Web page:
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The Israeli NGO Shurat HaDin is asking Israeli farmers on the Gaza border to strengthen their pending petition to the court by joining their legal petition.

Israeli NGO Shurat HaDin is building a case against Hamas to be submitted to the International Criminal Court over the terrorist group’s use of flaming kites that targeted Israeli border farms over the past month.

According to Israeli media, the kites are responsible for some 260 fires in Israeli fields over the past month, destroying thousands of acres of crops and causing millions of dollars in damage.
Shurat HaDin is asking farmers on the Gaza border to support its pending legal petition to the ICC.

“Israel will not remain silent,” Shurat HaDin founder and president Nitzana Darshan-Leitner said. “The current security situation, in which fields and forests in Israel are burned every day by activists in a terrorist organization, is inconceivable.”

“It cannot be that senior Hamas officials will accuse Israel of war crimes while using a civilian population, especially children, as human shields for their terrorist activities, which are repeatedly targeted at Israeli citizens,” she said. “Therefore, we call on the International Criminal Court in The Hague to exact justice upon them.”

Hamas’s offenses are “a flagrant violation of many articles of the Rome Statute,” the NGO said.

Among the Israeli farmers who have already joined its case is Ofer Liberman, the manager of the agricultural branch of Kibbutz Nir Am, which lost 250 acres in fires ignited by flaming kites, Shurat HaDin said.

Kibbutz Alumim security officer Rafi Babian has also joined the case, the NGO said.

Israeli farmers on the Gaza border told Army Radio the flaming kites, which they called “terror kites,” caused much more damage than the rockets and the mortars Hamas has launched against them since 2001.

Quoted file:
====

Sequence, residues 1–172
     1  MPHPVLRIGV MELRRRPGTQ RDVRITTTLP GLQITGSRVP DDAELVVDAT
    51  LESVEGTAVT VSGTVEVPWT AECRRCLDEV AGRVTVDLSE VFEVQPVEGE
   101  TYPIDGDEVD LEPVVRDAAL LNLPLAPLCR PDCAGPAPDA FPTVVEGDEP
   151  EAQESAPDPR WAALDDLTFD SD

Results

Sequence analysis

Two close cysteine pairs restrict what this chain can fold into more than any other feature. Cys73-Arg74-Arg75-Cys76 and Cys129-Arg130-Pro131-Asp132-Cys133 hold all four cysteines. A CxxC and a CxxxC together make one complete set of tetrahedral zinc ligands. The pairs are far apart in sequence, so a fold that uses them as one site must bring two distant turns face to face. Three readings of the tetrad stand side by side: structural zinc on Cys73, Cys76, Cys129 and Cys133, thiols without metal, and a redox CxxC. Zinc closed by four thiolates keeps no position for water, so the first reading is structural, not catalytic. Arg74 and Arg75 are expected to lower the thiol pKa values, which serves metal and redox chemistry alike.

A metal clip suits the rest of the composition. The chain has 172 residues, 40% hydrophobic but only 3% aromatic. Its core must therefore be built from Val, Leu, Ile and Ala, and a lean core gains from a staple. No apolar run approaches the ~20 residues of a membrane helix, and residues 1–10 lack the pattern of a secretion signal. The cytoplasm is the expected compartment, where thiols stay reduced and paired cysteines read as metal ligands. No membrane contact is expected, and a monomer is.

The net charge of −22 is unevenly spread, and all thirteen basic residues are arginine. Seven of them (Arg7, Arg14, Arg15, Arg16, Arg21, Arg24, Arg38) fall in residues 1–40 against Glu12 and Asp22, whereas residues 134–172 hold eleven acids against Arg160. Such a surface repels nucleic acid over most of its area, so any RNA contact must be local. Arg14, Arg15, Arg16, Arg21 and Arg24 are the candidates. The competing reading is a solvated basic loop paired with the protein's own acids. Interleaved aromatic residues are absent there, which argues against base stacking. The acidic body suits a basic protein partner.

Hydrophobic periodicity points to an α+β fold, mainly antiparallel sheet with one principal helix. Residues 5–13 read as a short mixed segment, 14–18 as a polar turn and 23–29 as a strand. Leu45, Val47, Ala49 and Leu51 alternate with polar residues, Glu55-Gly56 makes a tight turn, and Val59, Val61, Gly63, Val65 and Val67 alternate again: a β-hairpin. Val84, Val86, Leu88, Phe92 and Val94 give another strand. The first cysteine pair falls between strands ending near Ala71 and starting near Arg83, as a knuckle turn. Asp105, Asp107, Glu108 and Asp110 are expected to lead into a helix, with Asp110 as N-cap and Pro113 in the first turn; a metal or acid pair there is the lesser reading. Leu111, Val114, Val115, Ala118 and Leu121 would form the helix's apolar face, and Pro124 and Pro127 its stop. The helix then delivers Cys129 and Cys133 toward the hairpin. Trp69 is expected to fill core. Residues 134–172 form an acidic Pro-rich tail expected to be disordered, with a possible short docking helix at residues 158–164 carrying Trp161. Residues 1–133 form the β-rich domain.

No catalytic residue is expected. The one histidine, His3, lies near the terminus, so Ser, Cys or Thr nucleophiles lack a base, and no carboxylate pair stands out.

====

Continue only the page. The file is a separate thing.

The complaint will specifically target senior Hamas figures, including Yahya Sinwar and Ismail Haniyeh, Shurat HaDin said.

The NGO said it decided to turn to the ICC after the Palestinian Authority last week formally asked the court to open an investigation into Israeli war crimes.

The PA became a party to the court when it signed the Rome Statute in 2015, a move that allowed it to submit a case against Israel to the ICC this month.

For the past four years, ICC Chief Prosecutor Fatou Bensouda has weighed the question of formally opening a war-crimes investigation into the Israeli-Palestinian conflict. She has not yet reached any conclusions.

Last month, Bensouda warned both Hamas and Israel that they could be liable for war-crimes prosecutions over their actions in Gaza.

“Violence against civilians – in a situation such as the one prevailing in Gaza – could constitute crimes under the Rome Statute of the International Criminal Court, as could the use of civilian presence for the purpose of shielding military activities,” she said.

“I remind all parties that the situation in Palestine is under preliminary examination by my office,” she added. “While a preliminary examination is not an investigation, any new alleged crime committed in the context of the situation in Palestine may be subjected to my office’s scrutiny. This applies to the events of the past weeks and to any future incident…

“Any person who incites or engages in acts of violence, including by ordering, requesting, encouraging or contributing in any other manner to the commission of crimes within ICC’s jurisdiction is liable to prosecution before the court, with full respect for the principle of complementarity. The resort to violence must stop,” Bensouda said.